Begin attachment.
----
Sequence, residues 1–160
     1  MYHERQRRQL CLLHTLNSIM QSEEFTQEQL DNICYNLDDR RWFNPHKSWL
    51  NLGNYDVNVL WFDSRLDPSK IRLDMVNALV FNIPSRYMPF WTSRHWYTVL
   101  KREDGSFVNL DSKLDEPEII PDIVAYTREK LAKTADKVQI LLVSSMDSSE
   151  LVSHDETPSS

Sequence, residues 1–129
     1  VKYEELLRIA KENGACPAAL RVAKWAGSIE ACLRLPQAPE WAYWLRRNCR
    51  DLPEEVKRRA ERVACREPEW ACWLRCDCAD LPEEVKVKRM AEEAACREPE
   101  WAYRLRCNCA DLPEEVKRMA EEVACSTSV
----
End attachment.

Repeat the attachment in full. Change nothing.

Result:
Sequence, residues 1–160
     1  MYHERQRRQL CLLHTLNSIM QSEEFTQEQL DNICYNLDDR RWFNPHKSWL
    51  NLGNYDVNVL WFDSRLDPSK IRLDMVNALV FNIPSRYMPF WTSRHWYTVL
   101  KREDGSFVNL DSKLDEPEII PDIVAYTREK LAKTADKVQI LLVSSMDSSE
   151  LVSHDETPSS

Sequence, residues 1–129
     1  VKYEELLRIA KENGACPAAL RVAKWAGSIE ACLRLPQAPE WAYWLRRNCR
    51  DLPEEVKRRA ERVACREPEW ACWLRCDCAD LPEEVKVKRM AEEAACREPE
   101  WAYRLRCNCA DLPEEVKRMA EEVACSTSV